[Paleopsych] Stuff (NZ): Babies are not conscious in the womb

Nicholas Bannan n.j.c.bannan at reading.ac.uk
Thu Apr 14 09:09:39 UTC 2005

This view of foetal experience would not seem consisent with the several
exciting studies (Woodward; Shetler; Lecanuet; Lamont; etc.) that illustrate
that music first experienced in the womb is recognised by infants; and other
studies that suggest a similar early priming for language.  I am not sure
that the environment of slaughterhouses is the lynchpin of this issue.


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Subject: [Paleopsych] Stuff (NZ): Babies are not conscious in the womb

> Babies are not conscious in the womb
> http://www.stuff.co.nz/stuff/0,2106,3194905a7144,00.html
> 22 February 2005
> Babies - both human and animal - react to touch, sound, and other
> external stimuli in the womb, but do not consciously experience them,
> says a group researching animal welfare.
> Professor David Mellor, of Massey University, said yesterday that the
> embryo and foetus are apparently never conscious, and actually spend
> much of their time anaethetised.
> "Consciousness first appears only after birth, associated with first
> exposure to air, gravity, hard surfaces, unlimited space and, usually,
> to cold ambient conditions," he said.
> Prof Mellor, director of the university's animal welfare science and
> bioethics centre, said he had made a fresh evaluation of consciousness
> in the womb - particularly in terms of sheep - after meatworkers at a
> slaughter plant expressed concern that foetuses of slaughtered animals
> might be drowning in their amniotic fluid.
> He said the study used extensive research into sheep which had been
> originally intended not for animal welfare purposes, but because sheep
> were an excellent large-animal "model" for humans. A collaboration with
> Auckland University's foetal physiology and neuroscience group had
> produced insights relevant to human foetuses.
> Prof Mellor will present a major paper to a two-day London conference on
> animal sentience, starting on March 17, which will examine the ability
> of a foetus and newborn to receive sensory information and to "feel"
> sensations that cause suffering.
> His paper will argue that the embryo and foetus cannot suffer before or
> during birth, and that suffering can only occur in the newborn when the
> onset of breathing sufficiently oxygenates its tissues sufficiently.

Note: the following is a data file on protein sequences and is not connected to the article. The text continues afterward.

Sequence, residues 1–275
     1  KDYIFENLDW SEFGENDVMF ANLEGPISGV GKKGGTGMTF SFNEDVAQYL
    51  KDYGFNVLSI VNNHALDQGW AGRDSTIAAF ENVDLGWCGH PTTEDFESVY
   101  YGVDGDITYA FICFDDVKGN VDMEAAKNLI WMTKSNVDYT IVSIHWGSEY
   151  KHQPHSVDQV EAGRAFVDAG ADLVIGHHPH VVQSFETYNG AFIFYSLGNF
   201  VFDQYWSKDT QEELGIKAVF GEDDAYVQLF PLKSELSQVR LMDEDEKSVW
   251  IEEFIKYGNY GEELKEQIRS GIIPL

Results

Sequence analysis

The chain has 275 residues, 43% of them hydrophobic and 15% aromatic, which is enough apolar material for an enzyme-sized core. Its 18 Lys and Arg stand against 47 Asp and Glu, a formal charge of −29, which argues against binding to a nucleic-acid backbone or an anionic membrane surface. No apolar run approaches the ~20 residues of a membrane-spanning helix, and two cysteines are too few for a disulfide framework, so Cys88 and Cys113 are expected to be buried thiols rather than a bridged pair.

> Prof Mellor said that many paediatricians were convinced that a foetus
> in the womb could feel pain, because they based their judgement on
> comparable premature infants born as early as 24 week to 28 weeks.
> Those infants did experience pain, and paediatricians had assumed that
> so did an age-equivalent foetus.
> "But the chemical environment in the brain is very different after the
> baby is born," he said. Breathing oxygen was a key difference, in
> addition to loss of the chemicals produced by the placenta.
> When a baby was born, breathing oxygen caused a critical chemical
> messenger, adenosine, to be cleared from the bloodstream in seconds,
> allowing it to start experiencing consciousness.
> This indicated that stillborn babies that did not breath did not suffer
> pain or distress - they simply went from being asleep in the womb to
> profound unconsciousness and death.
> Prof Mellor said future areas of research would look at differences
> between foetuses that went through a normal birth and those that were
> delivered by caesarian section.
> Early indications were that providing the foetus could breath
> sufficiently well to oxygenate its blood, the loss of placental
> adenosine, the stimulation of cold air, loss of buoyancy, and
> "mechanical" touch would mean a baby from a caesarian birth would not be
> different to one which had gone through a normal delivery.
> Prof Mellor said he expected the work with Auckland University to spur
> significant discussion.
> In terms of humans, there was no doubt that doubt that babies before
> birth reacted to a range of stimuli because the sense organs of foetuses
> in the uterus began to work well before birth, he said.
> Touch, sound and other stimuli affected the foetus, and could cause it
> to move in the womb.
> "But the evidence, accumulated over the last 25-35 years, is that this
> does not occur at the conscious level," he said. Babies born with no
> cerebral cortex - the part of the brain essential for consciousness -
> could also respond with movements and hormone release and heart rate
> changes.
> But Prof Mellor said that though effects from stimulation of touch,
> sight, sound, and taste were not at a conscious level," it is possible -
> and some evidence suggests that it is in fact likely - that such effects
> persist well beyond birth".
> "Some might very well be at least benign, and perhaps even positively
> advantageous, depending on what they are," he said. "Playing music and
> speaking softly could well have beneficial effects".
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